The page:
Today, all there is to tell of this massacre is this marker:
It’s 1885, the No. 2 locomotive “Daisy” has just completed her trial run on the Caspar & Hare Creek Railroad. The locomotive was tasked with transporting logs to the sawmill in Caspar. The new locomotive was built by Baldwin in Philadelphia; parts were boxed and shipped around Cape Horn; they arrived from San Francisco on the schooner “Abbie.”
She’s still “alive” and you can find her in the Deli restaurent in Fort Bragg, Ca.
How long have “our” coastal redwoods existed? Well, a search for diamonds in Canada’s far north turned up a rare fossil — a chunk of a redwood sealed in volcanic rock more than 50 million years ago. A search for diamonds in Canada’s far north turned up a rare fossil — a chunk of a redwood sealed in volcanic rock more than 50 million years ago. A study of the well-preserved specimen, which also contains a sliver of amber, shows that the now-icy region where it was found had a swampier past. The wood was found a few years ago in a kimberlite pipe, named the Panda pipe, over 1,000 feet below Earth’s surface at the Ekati diamond mine, just south of the Arctic Circle in Canada’s Northwest Territories, the researchers say.
As Peanuts would say – “Good grief”.
Russian Gulch State Park today is a popular place for events, weddings, camping and such. In 1867 L.E. Ballister & Co. had a mill there. From 1878 to 1888 Prince Grey had a shingle mill there which which was taken over by Eugene Brown in 1888. From 1918 to some time in the 1920’s Gray and Johnson Lumber & Shingle Mill operated at Russian Gulch. The only way to get the shingles to market was by sea. Russian Gulch, like all doghole ports, was a very dangerous place in bad weather. I don’t know which schooner is in the pic below – the note with picture merely says the wreck was at Russian Gulch.
If you check out our website section on ships under “S” you’ll find info on the Sea Foam. Alas, the info is effusive but not too heavy on fact. Hopefully this blog rectifies the lack of facts.
Built by John Lindstrom in Aberdeen, Washington in 1904. She displaced 339 tons. She had a 250,000 board feet capacity and carried both lumber and passengers. Her dimensions were 127 x 32 x 10 feet with a 500 h.p. compound engine. The Sea Foam was operated by J.H. Fritch of San Francisco. The coast residents relied on the Sea Foam. She carried everything the coast residents needed, equipment for the mills such as saws, clothing, furniture and even pianos. Here’s a copy of her schedule:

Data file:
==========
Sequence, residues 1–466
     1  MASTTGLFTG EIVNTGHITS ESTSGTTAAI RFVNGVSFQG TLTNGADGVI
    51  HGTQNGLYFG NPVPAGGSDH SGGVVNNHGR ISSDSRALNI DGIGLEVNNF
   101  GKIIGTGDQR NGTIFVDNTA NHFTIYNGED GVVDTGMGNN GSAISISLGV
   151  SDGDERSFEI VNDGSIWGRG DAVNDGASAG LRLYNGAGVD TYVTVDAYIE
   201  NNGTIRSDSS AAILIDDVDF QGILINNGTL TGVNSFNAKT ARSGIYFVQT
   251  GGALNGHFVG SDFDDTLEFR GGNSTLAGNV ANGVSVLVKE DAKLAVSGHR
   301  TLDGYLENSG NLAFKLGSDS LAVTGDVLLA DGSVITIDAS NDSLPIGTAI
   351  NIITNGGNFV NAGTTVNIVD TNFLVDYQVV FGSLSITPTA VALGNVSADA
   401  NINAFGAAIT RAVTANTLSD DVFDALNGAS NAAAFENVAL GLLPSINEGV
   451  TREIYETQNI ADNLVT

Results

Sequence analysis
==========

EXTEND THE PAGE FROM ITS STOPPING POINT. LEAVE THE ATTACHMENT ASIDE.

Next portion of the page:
The Sea Foam crashed on the south reef of the Point Arena harbour in February 1931. She was en route from Eureka to San Francisco, stopping at Point Arena to pick up freight. As the captain was entering harbour he decided the sea was too rough. When he was bringing her around the Sea Foam was caught by a heavy tow and was carried around to the reef with disasterous results. The Coast Guard launched a boat with a crew of seven and despite the rough seas and 45 mph winds was able to rescue all 19 men who were aboard.
Here are pictures of the wreck:
What is a flume? A log flume is a flume specifically constructed to transport lumber and logs down mountainous terrain using flowing water.
Where is Rollerville? Rollerville (sometimes called Flumeville) was just north of Point Arena. How did it get its name …….
The Garcia Mill was located up the Garcia River – it comes out to the sea at Gualala. A railroad wasn’t feasible to haul the cut lumber to the coast because of the terrain. Getting the lumber to close to the coast (six miles?) a flume was constructed. Here you can see the cut lumber being placed in the flume.
The flume stopped in front of a 10o foot high hill. And, how did the lumber get transported from the bottom to the top? A gigantic 24 foot high water wheel powered a hoist.
Look very carefully at the photo above. In the middle of the wheel a man is standing.
What happened to the lumber when it got to the top of the hill? Horse and car was used to haul the lumber to the chute that took the lumber from the top of the cliff down to the waiting schooners.